Au jus is the French term for meat served in its own juice. Au jus is achieved by combining pan drippings with meat broth and, at times, wine. This liquid sauce can also be the base for gravies.
How To Make Au Jus for Prime Rib or Roast Beef
One of the most well-known uses for au jus is when it is served as an accompaniment to prime rib or roast beef. The combination of tender meat in its own juices is simply divine.
Here is a super quick method for making au jus:
After roasting the meat, collect the drippings that accumulated in the bottom of the roasting pan. Place in a saucepan along with 1 to 1 1/2 cups of beef broth. Bring to a boil and simmer for five minutes.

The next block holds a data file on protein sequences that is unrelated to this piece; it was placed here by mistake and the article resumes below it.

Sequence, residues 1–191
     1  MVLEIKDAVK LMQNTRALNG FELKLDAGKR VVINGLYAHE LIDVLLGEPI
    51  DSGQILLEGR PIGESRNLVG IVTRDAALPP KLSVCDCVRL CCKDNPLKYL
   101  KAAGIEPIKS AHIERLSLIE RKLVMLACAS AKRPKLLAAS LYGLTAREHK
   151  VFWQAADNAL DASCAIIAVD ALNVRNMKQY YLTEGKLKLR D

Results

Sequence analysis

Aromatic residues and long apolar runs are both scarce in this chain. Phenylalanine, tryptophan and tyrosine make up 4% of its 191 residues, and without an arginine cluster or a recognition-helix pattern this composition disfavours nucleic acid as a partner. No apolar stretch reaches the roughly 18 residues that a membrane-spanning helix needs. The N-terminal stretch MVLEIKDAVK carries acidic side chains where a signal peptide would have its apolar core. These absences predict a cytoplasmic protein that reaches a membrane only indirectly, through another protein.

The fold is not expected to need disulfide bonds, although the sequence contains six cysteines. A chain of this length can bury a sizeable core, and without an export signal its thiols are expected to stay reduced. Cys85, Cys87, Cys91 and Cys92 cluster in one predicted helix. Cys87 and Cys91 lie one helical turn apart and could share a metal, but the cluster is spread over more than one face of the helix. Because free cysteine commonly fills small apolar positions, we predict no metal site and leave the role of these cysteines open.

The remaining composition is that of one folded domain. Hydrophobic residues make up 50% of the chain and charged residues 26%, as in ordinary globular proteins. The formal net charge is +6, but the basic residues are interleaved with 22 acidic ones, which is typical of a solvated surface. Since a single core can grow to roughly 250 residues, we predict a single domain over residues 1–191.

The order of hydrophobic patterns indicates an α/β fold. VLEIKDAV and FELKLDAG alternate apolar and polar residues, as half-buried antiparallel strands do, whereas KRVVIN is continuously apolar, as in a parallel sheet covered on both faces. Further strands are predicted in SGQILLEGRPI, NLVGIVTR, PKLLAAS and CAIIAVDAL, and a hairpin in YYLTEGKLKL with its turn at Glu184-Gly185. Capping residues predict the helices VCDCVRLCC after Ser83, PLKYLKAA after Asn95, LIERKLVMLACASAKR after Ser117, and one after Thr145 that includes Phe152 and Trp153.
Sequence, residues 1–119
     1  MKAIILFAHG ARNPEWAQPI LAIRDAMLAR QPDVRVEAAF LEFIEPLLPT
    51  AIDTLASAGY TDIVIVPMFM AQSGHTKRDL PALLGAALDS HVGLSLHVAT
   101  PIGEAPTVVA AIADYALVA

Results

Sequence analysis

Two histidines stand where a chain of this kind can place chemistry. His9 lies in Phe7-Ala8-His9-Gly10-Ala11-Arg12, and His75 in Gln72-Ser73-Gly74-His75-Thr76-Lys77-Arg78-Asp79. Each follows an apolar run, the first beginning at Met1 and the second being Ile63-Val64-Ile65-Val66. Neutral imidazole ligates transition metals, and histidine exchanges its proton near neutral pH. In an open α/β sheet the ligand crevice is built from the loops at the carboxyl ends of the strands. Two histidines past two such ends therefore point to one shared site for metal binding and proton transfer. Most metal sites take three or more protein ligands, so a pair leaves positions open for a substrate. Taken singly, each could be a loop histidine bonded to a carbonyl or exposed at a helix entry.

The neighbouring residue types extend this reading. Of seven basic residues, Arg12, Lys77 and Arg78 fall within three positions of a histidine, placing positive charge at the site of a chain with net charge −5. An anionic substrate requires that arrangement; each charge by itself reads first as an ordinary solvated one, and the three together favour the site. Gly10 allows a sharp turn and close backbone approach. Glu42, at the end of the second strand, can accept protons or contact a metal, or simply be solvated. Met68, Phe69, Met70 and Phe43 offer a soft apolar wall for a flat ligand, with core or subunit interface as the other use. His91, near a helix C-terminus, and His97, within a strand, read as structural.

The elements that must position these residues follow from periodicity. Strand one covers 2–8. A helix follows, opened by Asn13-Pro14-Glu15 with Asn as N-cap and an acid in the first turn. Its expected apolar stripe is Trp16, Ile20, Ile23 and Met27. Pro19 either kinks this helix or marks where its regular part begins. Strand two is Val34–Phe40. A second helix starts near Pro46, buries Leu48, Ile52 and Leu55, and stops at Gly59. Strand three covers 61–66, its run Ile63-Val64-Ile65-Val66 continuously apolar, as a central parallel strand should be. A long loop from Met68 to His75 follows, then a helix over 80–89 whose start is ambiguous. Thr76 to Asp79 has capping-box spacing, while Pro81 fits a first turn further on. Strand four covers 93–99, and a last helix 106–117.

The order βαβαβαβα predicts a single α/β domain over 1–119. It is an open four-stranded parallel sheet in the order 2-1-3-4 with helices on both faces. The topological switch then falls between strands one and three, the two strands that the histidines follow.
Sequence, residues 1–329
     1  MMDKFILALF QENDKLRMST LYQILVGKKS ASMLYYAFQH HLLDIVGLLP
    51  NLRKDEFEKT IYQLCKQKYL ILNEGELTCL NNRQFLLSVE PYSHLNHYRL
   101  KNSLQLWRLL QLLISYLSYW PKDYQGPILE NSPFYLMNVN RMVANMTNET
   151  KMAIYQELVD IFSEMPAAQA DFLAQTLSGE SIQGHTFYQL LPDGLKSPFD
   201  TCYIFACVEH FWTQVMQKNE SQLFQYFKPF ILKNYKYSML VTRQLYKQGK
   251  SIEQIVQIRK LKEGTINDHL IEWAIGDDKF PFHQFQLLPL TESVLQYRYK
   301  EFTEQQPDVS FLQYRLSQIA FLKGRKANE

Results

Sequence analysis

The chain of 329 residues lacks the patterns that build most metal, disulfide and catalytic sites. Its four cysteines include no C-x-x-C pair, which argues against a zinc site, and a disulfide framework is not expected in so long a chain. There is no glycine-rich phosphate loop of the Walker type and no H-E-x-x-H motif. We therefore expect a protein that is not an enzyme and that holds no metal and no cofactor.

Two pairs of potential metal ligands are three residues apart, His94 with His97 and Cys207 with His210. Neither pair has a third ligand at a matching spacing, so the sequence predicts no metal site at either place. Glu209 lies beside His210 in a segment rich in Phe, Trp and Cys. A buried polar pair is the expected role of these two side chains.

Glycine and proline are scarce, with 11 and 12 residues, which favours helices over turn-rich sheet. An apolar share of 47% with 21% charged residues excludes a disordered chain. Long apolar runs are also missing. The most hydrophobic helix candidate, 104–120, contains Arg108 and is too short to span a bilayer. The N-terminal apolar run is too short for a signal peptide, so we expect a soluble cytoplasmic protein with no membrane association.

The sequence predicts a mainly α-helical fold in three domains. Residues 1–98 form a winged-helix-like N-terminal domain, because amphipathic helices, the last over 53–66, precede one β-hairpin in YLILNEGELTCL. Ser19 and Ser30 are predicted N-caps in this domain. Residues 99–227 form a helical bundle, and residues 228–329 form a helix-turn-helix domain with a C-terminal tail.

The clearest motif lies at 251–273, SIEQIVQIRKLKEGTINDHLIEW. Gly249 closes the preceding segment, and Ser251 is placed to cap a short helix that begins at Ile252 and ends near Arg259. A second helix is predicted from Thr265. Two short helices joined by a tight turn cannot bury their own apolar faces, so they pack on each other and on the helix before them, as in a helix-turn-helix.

If space allows, you can simply place the roasting pan on the stove top and deglaze it with the beef broth while over a medium flame. Alternatively, you can cook the broth and pan juices with onion, celery and carrot, then strain after they've softened.
The videos below demonstrate a few variations on au jus.
Rib Eye Steak with Red Wine Jus
This recipe is a beef lover's dream. The juicy seared steak and red wine jus flavored with shallots, garlic and rosemary are sublime.
French Dips with Au Jus
These delicious sandwiches are stuffed with thinly sliced roast beef topped with cheese. The piece de resistance is the au jus that serves as a dipping sauce.
Now a three-Michelin-star restaurant, Noma has changed, but not necessarily on the plate. According to Kenneth Foong, it's all about the way the team works, which is closer to a tech company than a traditional restaurant. Read our exclusive interview with Noma's head chef.